RL: Speaking of Pro Tools, what was it like for you as a musician to work with Pro Tools as opposed to when you started out with the B-52s?
FS: It makes it so much easier. It makes making music really cheap. We could not have afforded to get a studio and equipment. We get exactly what we want.
RL:You mentioned Dancing With The Stars. Would you judge a reality show?
FS: Oh I’d love to judge one of those things. I would always probably let the worst people hang on.
RL: With The Superions does it feel different being in a band other than the B-52’s?
FS: It’s a different mindset in that with the B-52’s we sort of do things collaboratively where we all start jamming and someone will have an idea or we might not have an idea for a song and then keep it up and jam to and then we all arrange it. With The Superions I come up with the words and Noah and Dan come up with the music and then we all arrange it. I have ideas that I like as far as the music and the direction to how the lyric is going and we are all on the same page.
RL: Can you talk about Athens and what that scene was like when you started out?
FS: When I was there wasn’t any scene except for the band. There was no place to play and no place to see alternative bands. The only place for us to play was a folk club. The next band was Pylon but there wasn’t really a scene. People go there now to start bands and you can see five bands a night and back then you were lucky to see one good band a week.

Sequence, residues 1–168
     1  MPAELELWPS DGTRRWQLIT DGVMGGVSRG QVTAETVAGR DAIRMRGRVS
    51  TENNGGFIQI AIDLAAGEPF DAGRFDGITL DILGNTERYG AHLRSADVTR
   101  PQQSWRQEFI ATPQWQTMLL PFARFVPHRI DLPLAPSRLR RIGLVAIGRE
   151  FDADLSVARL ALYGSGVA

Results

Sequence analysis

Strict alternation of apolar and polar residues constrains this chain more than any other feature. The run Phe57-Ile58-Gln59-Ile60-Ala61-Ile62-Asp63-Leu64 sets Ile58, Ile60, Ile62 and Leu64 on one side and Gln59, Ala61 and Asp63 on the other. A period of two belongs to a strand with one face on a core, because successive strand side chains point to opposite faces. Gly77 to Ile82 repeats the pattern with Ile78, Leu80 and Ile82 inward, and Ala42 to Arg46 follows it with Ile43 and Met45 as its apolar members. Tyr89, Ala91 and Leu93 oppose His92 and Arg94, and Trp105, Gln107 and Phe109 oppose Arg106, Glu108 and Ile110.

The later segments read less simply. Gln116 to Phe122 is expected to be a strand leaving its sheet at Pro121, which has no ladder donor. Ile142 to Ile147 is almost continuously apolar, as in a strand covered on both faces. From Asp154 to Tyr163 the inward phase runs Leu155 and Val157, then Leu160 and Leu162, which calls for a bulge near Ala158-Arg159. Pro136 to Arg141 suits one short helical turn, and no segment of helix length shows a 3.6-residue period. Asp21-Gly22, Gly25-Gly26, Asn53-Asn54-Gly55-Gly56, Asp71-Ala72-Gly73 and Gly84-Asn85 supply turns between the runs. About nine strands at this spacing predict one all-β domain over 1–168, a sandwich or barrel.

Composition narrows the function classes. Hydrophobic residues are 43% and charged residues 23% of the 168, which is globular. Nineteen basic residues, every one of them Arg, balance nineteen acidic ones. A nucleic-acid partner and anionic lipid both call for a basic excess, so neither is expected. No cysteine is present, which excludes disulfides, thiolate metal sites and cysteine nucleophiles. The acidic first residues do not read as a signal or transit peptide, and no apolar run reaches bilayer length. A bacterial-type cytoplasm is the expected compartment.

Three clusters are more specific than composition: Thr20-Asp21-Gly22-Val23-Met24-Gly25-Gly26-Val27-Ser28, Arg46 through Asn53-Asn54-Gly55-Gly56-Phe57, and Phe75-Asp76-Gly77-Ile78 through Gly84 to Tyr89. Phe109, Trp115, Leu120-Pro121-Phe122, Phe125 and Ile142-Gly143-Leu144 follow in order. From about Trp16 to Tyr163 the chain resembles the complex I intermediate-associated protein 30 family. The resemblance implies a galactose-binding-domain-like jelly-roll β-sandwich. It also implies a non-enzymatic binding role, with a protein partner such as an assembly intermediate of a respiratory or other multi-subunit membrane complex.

RL: You’ve worked with a lot of interesting people over the years what was it like working with Steve Albini [for his Just Fred, Schneider’s second solo album]?
FS: I had liked his work with PJ Harvey. I didn’t know if he would be interested in producing something by me. I played him a demo and what I did on this record, which was more punky. I just have great respect for Steve. He had great ideas. He put me in touch with great people to work with.
RL: Would you ever do a solo project again?
FS: I’m getting a lot of satisfaction with The Superions. We all work well together and we agree on most everything.
RL: What is going on with the B-52s?
FS: We’re on tour all the time. We’re mixing a live album that was recorded in Australia.
RL: The B-52s remain timeless. None of the records really sound dated. Is this done on purpose as an artist or has it evolved through the creative process of your music?
FS: I think it is both. It takes all four of us to do it. We’ve always done our own thing. We like all different kinds of music. I wouldn’t say they were equal. No one’s really influenced my way of singing or writing. I’ve been doing that for years. We just came up with our own style, stuck with it and got more modern, got better. I think our last record, Funplex, was one of our best. I feel like we have an amazing audience for the work we’ve done collectively and I just couldn’t be happier.
RL: Have you guys reflected on your influence on the lexicon of American popular music?